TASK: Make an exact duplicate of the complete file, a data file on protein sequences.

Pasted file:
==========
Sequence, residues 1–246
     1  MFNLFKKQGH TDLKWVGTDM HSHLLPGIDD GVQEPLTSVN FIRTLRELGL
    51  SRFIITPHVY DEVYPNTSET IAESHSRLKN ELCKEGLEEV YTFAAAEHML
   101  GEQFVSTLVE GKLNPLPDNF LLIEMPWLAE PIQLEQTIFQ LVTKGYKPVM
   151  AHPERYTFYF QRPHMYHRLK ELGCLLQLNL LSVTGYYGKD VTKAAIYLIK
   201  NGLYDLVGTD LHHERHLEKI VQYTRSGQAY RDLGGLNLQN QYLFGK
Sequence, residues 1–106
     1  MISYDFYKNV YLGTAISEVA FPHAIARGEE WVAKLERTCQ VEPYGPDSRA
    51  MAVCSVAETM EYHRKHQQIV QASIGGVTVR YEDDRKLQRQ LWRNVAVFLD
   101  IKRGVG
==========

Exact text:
Sequence, residues 1–246
     1  MFNLFKKQGH TDLKWVGTDM HSHLLPGIDD GVQEPLTSVN FIRTLRELGL
    51  SRFIITPHVY DEVYPNTSET IAESHSRLKN ELCKEGLEEV YTFAAAEHML
   101  GEQFVSTLVE GKLNPLPDNF LLIEMPWLAE PIQLEQTIFQ LVTKGYKPVM
   151  AHPERYTFYF QRPHMYHRLK ELGCLLQLNL LSVTGYYGKD VTKAAIYLIK
   201  NGLYDLVGTD LHHERHLEKI VQYTRSGQAY RDLGGLNLQN QYLFGK
Sequence, residues 1–106
     1  MISYDFYKNV YLGTAISEVA FPHAIARGEE WVAKLERTCQ VEPYGPDSRA
    51  MAVCSVAETM EYHRKHQQIV QASIGGVTVR YEDDRKLQRQ LWRNVAVFLD
   101  IKRGVG